(The Center Square) – Two Canadian premiers and 16 U.S. governors asked President Joe Biden and Canadian Prime Minister Justin Trudeau on Wednesday to reinstate the vaccine and quarantine exemptions for cross border truck drivers.
“We understand the vital importance of vaccines in the fight against COVID-19 and continue to encourage eligible individuals to get vaccinated,” Alberta Premier Jason Kenney wrote in the letter. “However, we are deeply concerned that terminating these exemptions has had demonstrably negative impacts on the North American supply chain, the cost of living, and access to essential products for people in both of our countries.”
Sixteen Republican governors signed the letter along with Saskatchewan Premier Scott Moe. The U.S leaders who signed were Alabama Gov. Kay Ivey, Alaska Gov. Mike Dunleavy, Arkansas Gov. Asa Hutchinson, Georgia Gov. Brian Kemp, Idaho Gov. Brad Little, Iowa Gov. Kim Reynolds, Mississippi Gov. Tate Reeves, Missouri Gov. Mike Parson, Montana Gov. Greg Gianforte, Nebraska Gov. Pete Ricketts, North Dakota Gov. Doug Burgum, South Carolina Gov. Henry McMaster, South Dakota Gov. Kristi Noem, Tennessee Gov. Bill Lee, Utah Gov. Spencer Cox and Wyoming Gov. Mark Gordon.
“The timing of vour decision to terminate the vaccine and quarantine exemptions could not have been worse as North America already faces grave supply chain constraints,” the letter said. “These constraints, combined with increasing inflation, place significant burdens on the residents of Canada and the United States. Furthermore, transportation associations have informed us that the lack of exemptions will force thousands of drivers out of the trucking industry, which is already facing a significant workforce shortage. The removal of these exemptions is ultimately unnecessary, and we cannot afford to lose any more truck drivers who transport food and other vital supplies across the border.”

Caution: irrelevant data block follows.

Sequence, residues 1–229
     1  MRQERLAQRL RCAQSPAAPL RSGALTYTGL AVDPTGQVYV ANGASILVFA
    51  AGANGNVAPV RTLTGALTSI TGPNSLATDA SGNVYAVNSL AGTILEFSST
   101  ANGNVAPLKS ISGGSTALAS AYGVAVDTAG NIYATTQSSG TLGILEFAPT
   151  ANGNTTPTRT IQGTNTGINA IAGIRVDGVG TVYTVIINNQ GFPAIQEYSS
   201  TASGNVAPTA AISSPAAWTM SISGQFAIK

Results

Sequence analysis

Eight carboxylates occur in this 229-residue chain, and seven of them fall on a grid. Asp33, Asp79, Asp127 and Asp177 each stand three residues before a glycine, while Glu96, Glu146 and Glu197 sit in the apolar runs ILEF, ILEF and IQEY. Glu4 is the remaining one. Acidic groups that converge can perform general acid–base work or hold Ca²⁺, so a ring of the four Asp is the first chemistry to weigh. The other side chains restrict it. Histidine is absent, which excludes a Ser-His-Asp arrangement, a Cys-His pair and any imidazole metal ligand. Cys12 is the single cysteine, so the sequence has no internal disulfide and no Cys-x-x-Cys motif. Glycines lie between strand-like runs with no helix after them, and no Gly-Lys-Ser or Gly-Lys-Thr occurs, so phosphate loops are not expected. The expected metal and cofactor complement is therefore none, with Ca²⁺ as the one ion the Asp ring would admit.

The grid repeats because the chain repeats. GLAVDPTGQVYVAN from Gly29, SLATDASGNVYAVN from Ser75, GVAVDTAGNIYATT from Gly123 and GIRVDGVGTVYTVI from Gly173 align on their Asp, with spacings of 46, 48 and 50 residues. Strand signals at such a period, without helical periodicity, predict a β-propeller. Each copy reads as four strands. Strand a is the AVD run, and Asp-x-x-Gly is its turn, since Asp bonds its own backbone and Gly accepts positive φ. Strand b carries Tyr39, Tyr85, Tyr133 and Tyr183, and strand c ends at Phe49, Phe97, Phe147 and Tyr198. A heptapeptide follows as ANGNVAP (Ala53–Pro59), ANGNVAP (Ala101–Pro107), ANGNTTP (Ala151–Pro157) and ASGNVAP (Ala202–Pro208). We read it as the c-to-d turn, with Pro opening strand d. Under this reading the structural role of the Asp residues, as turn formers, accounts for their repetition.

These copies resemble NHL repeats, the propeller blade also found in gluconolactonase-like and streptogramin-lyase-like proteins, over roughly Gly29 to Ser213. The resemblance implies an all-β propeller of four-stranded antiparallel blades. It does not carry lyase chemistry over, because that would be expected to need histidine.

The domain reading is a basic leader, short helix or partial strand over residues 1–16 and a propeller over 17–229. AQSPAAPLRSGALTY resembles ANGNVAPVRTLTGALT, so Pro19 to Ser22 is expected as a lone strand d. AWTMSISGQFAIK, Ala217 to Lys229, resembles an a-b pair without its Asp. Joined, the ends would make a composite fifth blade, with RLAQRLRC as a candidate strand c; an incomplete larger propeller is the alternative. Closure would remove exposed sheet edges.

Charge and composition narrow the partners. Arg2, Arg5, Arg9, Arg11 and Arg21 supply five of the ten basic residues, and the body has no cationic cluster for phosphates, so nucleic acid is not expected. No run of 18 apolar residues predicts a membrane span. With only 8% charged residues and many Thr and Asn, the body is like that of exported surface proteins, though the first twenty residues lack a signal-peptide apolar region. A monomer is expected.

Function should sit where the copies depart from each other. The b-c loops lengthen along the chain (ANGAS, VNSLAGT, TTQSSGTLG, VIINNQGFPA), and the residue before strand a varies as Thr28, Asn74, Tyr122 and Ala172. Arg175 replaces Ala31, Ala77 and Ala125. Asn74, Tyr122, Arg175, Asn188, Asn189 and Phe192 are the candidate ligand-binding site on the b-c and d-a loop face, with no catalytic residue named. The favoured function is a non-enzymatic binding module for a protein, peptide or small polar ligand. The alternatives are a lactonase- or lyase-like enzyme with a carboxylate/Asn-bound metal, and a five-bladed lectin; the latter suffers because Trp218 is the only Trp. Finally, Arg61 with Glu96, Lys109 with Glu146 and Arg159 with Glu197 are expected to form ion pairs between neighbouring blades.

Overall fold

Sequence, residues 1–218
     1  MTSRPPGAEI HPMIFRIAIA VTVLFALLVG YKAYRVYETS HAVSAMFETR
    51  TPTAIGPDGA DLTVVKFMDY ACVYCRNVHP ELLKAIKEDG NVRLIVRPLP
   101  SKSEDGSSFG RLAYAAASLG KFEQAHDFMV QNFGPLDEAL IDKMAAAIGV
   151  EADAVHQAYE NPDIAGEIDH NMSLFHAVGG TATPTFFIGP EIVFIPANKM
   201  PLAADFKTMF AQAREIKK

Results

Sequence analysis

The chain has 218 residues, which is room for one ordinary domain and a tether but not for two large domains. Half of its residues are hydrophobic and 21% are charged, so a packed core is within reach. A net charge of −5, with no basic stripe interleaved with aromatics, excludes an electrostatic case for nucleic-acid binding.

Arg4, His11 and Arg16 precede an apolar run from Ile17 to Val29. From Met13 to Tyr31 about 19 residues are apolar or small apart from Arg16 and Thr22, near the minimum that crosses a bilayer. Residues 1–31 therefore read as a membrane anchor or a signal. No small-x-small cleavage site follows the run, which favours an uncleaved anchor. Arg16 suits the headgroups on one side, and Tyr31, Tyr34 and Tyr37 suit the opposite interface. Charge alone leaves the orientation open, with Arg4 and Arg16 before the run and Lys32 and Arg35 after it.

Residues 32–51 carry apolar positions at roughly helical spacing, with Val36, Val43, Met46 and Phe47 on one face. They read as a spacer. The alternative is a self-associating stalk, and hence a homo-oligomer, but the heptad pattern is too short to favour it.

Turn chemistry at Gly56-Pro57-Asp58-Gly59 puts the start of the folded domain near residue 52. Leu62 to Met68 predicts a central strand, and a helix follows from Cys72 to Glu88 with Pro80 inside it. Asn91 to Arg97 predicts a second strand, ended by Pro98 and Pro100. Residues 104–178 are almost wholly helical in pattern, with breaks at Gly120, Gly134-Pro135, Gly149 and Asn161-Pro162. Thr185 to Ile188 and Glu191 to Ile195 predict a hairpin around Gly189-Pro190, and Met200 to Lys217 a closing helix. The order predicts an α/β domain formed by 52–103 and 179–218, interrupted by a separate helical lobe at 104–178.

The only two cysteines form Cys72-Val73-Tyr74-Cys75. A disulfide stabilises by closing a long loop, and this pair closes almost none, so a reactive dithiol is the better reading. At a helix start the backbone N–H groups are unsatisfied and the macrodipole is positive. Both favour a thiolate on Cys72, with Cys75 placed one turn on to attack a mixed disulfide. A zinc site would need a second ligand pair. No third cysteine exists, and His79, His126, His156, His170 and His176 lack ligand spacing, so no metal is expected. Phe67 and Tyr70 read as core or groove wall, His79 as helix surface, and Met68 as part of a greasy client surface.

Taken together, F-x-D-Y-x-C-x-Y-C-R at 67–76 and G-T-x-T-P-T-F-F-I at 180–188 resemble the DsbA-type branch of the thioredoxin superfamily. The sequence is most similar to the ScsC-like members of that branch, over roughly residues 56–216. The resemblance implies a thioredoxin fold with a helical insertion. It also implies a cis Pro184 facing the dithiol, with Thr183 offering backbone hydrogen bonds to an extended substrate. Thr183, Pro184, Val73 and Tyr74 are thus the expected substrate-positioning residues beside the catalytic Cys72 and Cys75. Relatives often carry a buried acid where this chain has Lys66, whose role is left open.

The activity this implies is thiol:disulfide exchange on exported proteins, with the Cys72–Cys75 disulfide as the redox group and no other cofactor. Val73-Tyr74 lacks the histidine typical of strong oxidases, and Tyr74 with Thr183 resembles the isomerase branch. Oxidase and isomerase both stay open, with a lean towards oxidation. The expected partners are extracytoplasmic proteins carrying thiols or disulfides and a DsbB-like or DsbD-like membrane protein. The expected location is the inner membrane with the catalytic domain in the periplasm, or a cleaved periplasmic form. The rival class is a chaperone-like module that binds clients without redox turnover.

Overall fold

The letter comes after truckers blocked key border crossings between the U.S. and Canada to protest vaccine and quarantine rules. The blockades garnered worldwide attention and caused some automakers to temporarily limit production. Trudeau used Canada’s Emergencies Act to help end the blockades in Ottawa after local efforts failed. Similar blockades in Alberta and Manitoba ended peacefully.
The Canadian Trucking Alliance applauded Trudeau’s decision.
“These illegal blockades have had a detrimental impact on our members and customers’ businesses. These blockades have also had a very significant negative impact upon our professional driving community. CTA very much welcomes the Prime Minister’s leadership today in helping to bring an end to these illegal blockades,” CTA President Stephen Laskowski said in a statement. “Order must be restored to our borders and critical infrastructure that are being blockaded.”
Other group’s decried use of the Emergencies Act.
“The federal government has not met the threshold necessary to invoke the Emergencies Act. This law creates a high and clear standard for good reason: the Act allows government to bypass ordinary democratic processes. This standard has not been met,” the Canadian Civil Liberties Association said. “Governments regularly deal with difficult situations, and do so using powers granted to them by democratically elected representatives. Emergency legislation should not be normalized. It threatens our democracy and our civil liberties.”